Of course, perhaps you don’t need a transportation budget and can walk to work. In that case, your critical expenses might include that phone, cable, or internet. Every budget is different because each person is different.

Two Incomes: One Fixed (Twice Monthly) and One Irregular

Having a fixed income that is paid out twice monthly is a very similar process, except that the critical expenses will have to be split over two pay periods. For example, if we use our original calculation above, a monthly total fixed income of $2500 would, in theory, be $1250 per pay period. So instead of one column, we will use two, as follows:

When the irregular income comes in, use it the same way as before, applied first to any critical expenses that weren’t paid by the fixed income, and then to any additional expenses.

One (or Two) Irregular Incomes

This is the type of income that comes in types of employment in which you are either paid a fee to complete a job, possibly one that takes weeks or months at a time, or a commission-based job such as a real estate agent, among others. If you are in this situation, then you might not see any income for weeks or months at a time, only to have a huge lump payout all at once. It’s inconsistent and can create loads of frustration if you aren’t careful.

Once again, it’s necessary to calculate all of your monthly living expenses. In this case, you want to calculate the critical expenses AND any additional expenses you have.

That total is how much you should have in your account at all times to cover your expenses. I’m not talking about your emergency fund, you need one of those as well to cover those unexpected expenses. No, rather, I’m talking about a “fund” you borrow from that allows you to pay all of your monthly bills until such time as you get that lump sum payment. At that point, you reimburse that account up to its full amount and use the remaining money to pay off debt, add to your savings, or invest. This fund should contain enough money to cover the longest amount of time between income that you can expect. (If it’s two months in between payments, then you should have two months’ worth of money in that fund.)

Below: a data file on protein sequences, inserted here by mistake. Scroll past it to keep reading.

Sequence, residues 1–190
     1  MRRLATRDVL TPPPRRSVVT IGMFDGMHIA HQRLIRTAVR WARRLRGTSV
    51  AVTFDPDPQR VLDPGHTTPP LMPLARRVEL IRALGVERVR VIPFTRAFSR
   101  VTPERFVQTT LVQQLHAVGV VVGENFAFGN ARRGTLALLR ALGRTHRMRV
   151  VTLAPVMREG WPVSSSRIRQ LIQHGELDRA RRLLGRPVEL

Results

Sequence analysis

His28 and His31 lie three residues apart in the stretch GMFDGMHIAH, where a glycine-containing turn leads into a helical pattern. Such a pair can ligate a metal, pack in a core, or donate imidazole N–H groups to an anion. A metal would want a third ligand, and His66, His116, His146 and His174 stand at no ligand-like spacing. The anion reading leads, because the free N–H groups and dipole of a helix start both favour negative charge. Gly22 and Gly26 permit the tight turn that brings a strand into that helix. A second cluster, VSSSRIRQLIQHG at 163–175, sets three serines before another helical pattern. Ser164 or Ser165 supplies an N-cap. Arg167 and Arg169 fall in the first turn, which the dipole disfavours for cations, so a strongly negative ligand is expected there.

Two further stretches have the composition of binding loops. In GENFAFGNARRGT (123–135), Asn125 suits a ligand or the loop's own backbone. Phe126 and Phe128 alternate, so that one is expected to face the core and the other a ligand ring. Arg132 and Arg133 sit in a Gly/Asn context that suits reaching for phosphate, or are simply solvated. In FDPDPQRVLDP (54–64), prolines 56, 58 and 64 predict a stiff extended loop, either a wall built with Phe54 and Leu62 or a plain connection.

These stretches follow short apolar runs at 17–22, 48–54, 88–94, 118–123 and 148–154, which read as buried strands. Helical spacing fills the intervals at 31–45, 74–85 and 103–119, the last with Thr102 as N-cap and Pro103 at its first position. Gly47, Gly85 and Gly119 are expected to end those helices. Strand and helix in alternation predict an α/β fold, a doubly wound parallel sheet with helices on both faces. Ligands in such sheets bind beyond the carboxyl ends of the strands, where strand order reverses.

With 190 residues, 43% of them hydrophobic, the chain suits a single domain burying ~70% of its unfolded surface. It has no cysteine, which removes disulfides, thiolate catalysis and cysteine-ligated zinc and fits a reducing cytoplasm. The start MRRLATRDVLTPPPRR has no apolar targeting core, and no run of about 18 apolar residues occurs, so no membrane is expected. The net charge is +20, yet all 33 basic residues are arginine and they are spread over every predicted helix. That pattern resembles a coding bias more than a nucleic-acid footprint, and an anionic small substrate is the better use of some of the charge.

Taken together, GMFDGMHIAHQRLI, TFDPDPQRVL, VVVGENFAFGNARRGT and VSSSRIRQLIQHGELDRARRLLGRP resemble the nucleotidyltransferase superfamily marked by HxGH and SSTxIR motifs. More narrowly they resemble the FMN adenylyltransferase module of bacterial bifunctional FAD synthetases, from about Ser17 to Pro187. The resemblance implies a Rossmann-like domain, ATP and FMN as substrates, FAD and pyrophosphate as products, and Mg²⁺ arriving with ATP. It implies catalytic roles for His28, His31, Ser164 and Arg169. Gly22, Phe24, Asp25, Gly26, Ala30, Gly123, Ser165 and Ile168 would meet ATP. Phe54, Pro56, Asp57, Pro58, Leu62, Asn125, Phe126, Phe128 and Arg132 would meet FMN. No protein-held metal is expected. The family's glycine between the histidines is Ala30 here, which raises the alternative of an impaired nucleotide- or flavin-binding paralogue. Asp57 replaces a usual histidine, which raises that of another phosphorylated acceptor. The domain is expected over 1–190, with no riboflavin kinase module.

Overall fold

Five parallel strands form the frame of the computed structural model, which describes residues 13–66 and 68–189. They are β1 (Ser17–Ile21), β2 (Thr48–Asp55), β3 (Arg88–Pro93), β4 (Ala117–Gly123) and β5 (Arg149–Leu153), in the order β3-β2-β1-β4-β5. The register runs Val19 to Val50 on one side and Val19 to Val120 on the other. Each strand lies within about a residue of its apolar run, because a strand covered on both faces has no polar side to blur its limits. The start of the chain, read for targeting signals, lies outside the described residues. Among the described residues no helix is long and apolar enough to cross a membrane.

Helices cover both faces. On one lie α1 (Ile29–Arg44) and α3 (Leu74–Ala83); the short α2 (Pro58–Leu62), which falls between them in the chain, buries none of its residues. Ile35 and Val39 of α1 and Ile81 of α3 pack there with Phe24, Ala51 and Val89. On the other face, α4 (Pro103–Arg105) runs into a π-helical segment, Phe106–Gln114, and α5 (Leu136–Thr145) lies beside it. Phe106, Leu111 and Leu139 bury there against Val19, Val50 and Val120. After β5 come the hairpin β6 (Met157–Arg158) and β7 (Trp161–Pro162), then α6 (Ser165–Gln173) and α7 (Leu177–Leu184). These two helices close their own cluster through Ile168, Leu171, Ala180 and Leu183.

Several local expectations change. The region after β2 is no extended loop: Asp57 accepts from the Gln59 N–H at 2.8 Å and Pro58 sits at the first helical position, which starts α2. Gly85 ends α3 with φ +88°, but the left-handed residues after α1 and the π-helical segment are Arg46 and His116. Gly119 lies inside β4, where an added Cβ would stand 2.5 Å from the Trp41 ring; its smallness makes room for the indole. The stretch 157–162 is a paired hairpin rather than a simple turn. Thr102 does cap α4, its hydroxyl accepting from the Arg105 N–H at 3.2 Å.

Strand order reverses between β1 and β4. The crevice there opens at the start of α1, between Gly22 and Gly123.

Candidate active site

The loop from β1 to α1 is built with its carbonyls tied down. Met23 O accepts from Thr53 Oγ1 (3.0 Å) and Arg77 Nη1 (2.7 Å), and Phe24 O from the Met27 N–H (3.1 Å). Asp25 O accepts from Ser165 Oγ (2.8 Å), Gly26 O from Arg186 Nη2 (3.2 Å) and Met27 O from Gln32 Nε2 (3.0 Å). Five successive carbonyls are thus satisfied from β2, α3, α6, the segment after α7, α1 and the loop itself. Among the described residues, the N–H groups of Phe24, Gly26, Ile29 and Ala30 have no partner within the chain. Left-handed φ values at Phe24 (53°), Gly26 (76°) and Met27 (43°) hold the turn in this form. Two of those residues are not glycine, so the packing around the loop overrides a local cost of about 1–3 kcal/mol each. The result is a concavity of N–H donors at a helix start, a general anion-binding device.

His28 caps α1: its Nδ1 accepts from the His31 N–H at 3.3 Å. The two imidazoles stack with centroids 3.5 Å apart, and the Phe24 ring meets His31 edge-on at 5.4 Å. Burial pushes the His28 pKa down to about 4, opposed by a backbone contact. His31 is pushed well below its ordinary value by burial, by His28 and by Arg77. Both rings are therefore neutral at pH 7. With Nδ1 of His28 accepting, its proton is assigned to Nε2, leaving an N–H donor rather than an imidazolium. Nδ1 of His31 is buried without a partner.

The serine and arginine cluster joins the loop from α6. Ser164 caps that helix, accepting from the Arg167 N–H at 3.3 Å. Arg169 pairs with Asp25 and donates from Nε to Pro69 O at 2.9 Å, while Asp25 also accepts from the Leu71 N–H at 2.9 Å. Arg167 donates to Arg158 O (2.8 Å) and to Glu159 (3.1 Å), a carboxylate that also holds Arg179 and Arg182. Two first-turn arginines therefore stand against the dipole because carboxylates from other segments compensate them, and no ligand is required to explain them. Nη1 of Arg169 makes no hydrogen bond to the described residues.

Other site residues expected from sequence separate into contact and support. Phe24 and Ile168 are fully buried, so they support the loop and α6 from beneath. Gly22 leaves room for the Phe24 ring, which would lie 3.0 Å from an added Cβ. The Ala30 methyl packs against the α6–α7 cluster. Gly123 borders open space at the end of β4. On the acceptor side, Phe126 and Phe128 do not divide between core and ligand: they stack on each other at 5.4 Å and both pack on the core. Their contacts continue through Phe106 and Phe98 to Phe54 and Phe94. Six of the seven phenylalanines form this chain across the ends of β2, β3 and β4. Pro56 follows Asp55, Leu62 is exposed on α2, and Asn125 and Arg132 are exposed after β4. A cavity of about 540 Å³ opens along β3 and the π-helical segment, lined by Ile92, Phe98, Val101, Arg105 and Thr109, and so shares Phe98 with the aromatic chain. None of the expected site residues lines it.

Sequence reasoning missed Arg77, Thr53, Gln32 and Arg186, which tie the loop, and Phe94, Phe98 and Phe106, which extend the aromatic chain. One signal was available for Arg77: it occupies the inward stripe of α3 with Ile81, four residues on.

Keep this money in a savings account from which you can transfer money if you don’t get paid. Each time you transfer money, consider it “paying yourself” for that month, and replenish the fund when the income does show up. This will keep you from defaulting on payments and your family will still be able to eat and enjoy the lifestyle you have budgeted for.

Remember that this fund is not slated to be used for anything that’s not included in your budget. That means that if the opportunity comes up for a spur of the moment vacation, and you haven’t been paid in a month, it’s not the time to do so. Wait until you get paid, and allocate the remainder of that income to your savings funds, whether that be vacation fund or home improvement.

It’s Possible to Budget Irregular Income

I told you it was possible, but I didn’t say it would be easy. Creating a budget and sticking with it is hard work, but trust me, it is worth it. What I haven’t mentioned, though, and it’s important, is that the key to budgeting, whether your income is fixed or irregular, is keeping your expenses below the amount you make. If you spend more than you make, your budget will fail every time, no matter when the income shows up, so double check your expenses and cut out anything that’s not necessary. In the long run, you probably won’t miss it anyway.

Happy budgeting!

Tip: Grab my FREE Fixed and Irregular Income Worksheet to help you navigate this process. Find it HERE.

SaveSave

SaveSave

SaveSave

More
articles